Iraq ballots to be audited due to voting "anomalies"
Tuesday, October 18, 2005
The Independent Electoral Commission of Iraq (IECI) has announced that it will audit the votes cast in this weekend's constitutional referendum in Iraq over what it sees as voting "anomalies". Adel Alami, chief electoral officer in Iraq, would not give any details but stated that in some provinces figures were either too low or too high when compared to international standards.
A source told the BBC, on the condition of anonymity, that voter turnout and the result levels were causing some concern. Problems with the initial results were said to be found in the southern Shi'ite and northern Kurdish areas of the country.
The official said, "The first controls are now taking place. We are not ruling out technical errors or fraud, but for now it is only a question of anomalies." Six provinces in southern Iraq, inhabited by a Shia majority, voted an overwhelming 90% in favour of the new constitution. Two Sunni majority areas rejected the constitution by over 80%.
According to the source, "When you have more than 90 percent 'yes', computers signal it immediately and there is a manual check. It means the figures must be looked at closely."
The United Nations had stated the voting had gone very well, although some Sunni political leaders have alleged that corrupt voting practices were used to inflate the "yes" vote.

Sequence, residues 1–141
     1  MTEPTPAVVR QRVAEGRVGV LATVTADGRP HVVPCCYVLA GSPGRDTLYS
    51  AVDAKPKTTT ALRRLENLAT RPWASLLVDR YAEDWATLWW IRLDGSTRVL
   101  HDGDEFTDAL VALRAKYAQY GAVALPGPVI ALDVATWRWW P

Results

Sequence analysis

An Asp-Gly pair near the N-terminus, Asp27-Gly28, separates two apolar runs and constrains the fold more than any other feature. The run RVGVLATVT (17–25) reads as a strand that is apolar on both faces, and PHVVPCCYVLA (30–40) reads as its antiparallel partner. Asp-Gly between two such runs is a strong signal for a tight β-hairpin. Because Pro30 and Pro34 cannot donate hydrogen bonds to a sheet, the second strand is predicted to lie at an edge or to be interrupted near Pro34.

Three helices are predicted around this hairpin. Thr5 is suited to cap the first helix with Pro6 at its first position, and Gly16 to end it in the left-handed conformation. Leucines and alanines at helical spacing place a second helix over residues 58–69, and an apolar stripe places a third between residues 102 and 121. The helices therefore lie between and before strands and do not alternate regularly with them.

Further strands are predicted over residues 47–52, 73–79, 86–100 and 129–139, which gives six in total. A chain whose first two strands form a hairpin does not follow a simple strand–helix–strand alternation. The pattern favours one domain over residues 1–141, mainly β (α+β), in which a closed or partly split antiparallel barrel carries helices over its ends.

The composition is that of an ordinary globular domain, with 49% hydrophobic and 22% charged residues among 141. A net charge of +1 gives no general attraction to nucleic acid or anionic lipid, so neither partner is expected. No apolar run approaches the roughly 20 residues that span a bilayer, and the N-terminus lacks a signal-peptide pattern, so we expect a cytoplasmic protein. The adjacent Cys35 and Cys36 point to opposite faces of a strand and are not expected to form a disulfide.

United States President George W. Bush praised Iraqis, both proponents and those in opposition to the charter, saying, "I was pleased to see that the Sunnis have participated in the process. The idea of deciding to go into a ballot box is a positive development."
Condoleezza Rice said that initial information pointed to a likely yes vote, although this statement was met with some surprise by United Nations and Iraqi officials. Karina Parelli, head of the United Nations Election Assistance Team in Iraq said, "Unless Rice is more well-informed than the IECI, thus far there is no way to know the turnout percentages or the results of the voting."
An official from the IECI, Hussein Hindawi, responded, "As far as I know, she does not work at the Independent Electoral Commission of Iraq."
The IECI has made no official statements regarding fraud, and an election official cautioned that it was too early to know whether the numbers were incorrect or even if they would affect the outcome.
Most Shia and Kurdish citizens of Iraq support the new constitution, while the minority Sunni ethnic group fear loss of control over the country.
It is thought that the irregularities may not have affected the outcome as two of the main battleground provinces voted strongly in favour of the constitution. The commission stated that it was re-examining the votes and the final results could be delayed by several days.
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- "Iraqi watchdog looks into flood of 'yes' votes" — , October 18, 2005